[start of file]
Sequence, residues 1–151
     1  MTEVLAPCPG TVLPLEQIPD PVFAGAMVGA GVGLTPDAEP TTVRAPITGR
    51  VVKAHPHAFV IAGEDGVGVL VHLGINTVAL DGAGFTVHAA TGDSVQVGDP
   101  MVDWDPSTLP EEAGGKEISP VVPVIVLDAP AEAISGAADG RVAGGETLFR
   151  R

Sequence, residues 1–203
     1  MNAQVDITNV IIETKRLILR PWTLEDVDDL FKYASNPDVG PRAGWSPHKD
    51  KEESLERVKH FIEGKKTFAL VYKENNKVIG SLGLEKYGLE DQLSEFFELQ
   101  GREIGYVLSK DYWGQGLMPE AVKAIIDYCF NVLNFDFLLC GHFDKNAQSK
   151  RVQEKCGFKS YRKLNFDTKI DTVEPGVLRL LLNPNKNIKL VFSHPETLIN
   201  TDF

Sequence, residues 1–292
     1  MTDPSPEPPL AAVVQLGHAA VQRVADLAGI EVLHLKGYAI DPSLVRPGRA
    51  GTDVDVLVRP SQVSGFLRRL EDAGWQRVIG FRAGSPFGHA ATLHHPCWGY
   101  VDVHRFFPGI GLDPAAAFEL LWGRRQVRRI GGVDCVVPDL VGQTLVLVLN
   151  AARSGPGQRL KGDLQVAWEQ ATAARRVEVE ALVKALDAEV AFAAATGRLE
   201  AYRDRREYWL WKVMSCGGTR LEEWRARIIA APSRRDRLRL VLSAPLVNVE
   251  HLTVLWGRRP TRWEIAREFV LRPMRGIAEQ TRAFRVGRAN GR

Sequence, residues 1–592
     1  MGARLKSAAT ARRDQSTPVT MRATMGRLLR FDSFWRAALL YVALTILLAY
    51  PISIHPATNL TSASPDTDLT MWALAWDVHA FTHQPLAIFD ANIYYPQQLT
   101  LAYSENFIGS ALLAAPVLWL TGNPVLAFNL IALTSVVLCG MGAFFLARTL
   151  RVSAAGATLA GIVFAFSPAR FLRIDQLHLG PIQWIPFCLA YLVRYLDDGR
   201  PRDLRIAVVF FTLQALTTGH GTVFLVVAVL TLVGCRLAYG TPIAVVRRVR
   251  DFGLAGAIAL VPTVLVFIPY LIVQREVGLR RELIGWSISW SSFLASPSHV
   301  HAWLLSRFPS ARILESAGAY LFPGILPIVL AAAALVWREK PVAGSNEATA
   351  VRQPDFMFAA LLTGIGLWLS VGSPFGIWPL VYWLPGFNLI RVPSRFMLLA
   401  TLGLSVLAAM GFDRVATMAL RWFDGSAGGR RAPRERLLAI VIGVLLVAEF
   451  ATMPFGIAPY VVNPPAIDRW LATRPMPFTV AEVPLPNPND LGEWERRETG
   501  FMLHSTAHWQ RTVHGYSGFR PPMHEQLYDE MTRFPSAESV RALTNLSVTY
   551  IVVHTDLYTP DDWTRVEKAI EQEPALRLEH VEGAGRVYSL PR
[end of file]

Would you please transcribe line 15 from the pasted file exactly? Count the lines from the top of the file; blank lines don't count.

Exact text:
   101  VDVHRFFPGI GLDPAAAFEL LWGRRQVRRI GGVDCVVPDL VGQTLVLVLN